U.S. farmers oppose EPA's proposed dust regulation
WASHINGTON (Reuters) - American farmers have been ridiculing a proposal by U.S. regulators to reduce the amount of dust floating in rural air.
"If there's ever been rural America, that's what rural America is," said Nebraska hog farmer Danny Kluthe. "You know? It's dirt out here, and with dirt you've got dust."
The Environmental Protection Agency is looking to tighten standards for the amount of harmful particles in the air, facing opposition from U.S. farming groups who call it an unrealistic attempt to regulate dust.
The EPA is reviewing its air quality standards to comply with the Clean Air Act that prescribes reevaluation every five years. The agency's scientific panel proposes either retaining or halving the current standard for coarse particles, commonly containing dust, ash and chemical pollutants--particles 10 microns or smaller in diameter, about one-tenth of human hair.
In scientific terms, the EPA is looking to either keep the standards at 150 micrograms per cubic meter or revise it down to 65 to 85 micrograms per cubic meter.
Environmental groups say these tiny elements could be harmful if not deadly for people, causing cardiovascular or respiratory problems.
"They are small enough that they bypass the natural defenses of the body and can be inhaled deeply into the lung," said Janice Nolen, the American Lung Association assistant vice president.
But for Kluthe, who lives a quarter of a mile away from any community, the health aspects mean little weighed against the possibility of costly dust control measures he may have to take, such as watering gravel roads or tilled soil.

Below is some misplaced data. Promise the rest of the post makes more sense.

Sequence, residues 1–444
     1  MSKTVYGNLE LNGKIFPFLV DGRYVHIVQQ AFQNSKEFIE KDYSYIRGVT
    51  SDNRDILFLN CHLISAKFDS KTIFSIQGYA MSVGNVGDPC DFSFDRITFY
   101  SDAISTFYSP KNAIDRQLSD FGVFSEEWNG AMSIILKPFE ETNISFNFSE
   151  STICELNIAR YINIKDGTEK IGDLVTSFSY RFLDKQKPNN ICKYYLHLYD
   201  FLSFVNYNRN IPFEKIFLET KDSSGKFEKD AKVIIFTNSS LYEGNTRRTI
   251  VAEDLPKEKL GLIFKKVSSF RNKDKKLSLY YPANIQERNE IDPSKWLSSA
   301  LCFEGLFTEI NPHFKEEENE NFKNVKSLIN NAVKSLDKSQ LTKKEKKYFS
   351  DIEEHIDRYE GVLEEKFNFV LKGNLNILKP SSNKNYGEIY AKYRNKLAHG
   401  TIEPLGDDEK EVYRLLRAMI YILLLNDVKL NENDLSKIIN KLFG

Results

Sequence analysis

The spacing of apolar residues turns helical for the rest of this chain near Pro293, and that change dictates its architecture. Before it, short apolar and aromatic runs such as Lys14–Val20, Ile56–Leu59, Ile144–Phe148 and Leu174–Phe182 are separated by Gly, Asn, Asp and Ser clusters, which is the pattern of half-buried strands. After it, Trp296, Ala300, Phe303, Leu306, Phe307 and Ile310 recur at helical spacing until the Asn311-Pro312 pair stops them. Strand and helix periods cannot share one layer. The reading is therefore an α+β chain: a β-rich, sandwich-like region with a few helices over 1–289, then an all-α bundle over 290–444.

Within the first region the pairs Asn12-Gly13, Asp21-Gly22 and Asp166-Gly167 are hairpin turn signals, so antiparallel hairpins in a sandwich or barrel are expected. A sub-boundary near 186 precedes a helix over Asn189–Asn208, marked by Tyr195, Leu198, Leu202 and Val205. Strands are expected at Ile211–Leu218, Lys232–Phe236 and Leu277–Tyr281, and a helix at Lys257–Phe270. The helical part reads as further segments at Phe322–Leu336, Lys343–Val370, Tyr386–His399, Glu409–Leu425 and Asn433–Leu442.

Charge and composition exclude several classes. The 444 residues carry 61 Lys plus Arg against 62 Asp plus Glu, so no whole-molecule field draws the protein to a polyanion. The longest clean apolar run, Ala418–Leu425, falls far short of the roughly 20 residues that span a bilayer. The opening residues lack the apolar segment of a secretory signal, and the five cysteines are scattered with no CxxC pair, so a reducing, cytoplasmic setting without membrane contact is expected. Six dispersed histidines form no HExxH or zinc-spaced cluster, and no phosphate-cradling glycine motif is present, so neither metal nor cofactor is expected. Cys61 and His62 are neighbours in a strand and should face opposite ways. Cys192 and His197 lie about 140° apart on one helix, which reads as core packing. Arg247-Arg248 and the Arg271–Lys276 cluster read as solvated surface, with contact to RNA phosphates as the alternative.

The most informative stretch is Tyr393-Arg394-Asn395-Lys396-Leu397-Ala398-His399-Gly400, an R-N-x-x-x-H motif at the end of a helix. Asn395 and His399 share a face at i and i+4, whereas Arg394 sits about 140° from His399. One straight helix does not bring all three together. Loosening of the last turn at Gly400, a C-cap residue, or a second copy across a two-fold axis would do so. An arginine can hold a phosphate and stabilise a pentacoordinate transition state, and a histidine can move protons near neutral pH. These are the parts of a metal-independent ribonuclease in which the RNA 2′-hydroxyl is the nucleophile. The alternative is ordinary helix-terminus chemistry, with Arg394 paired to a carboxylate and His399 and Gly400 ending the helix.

"They need to get real," he said, echoing the messages the National Pork Producers and the National Cattlemen's Beef Association have been sending to the EPA.
Lawmakers from both parties also have been complaining about the reach of EPA farming regulations. In a recent manifestation, Richard Lugar, a senior Republican Senator from Indiana, sent EPA Administrator Lisa Jackson a letter pleading for "common-sense" on dust regulations.
But technically, EPA can't use common sense if it clashes with science, as their assessments are required to be purely scientific and mindless of ramifications, said John Walke, clean air director at the National Resources Defense Council.
"The EPA doesn't care where the pollution is coming from, and our lungs don't care," he said.
EPA will issue final proposed standards in late fall and at least until then, "it is too soon in the process to know" how EPA will enforce them, spokeswoman Cathy Milbourn said.
(Reporting by Alina Selyukh; editing by Sofina Mirza-Reid)
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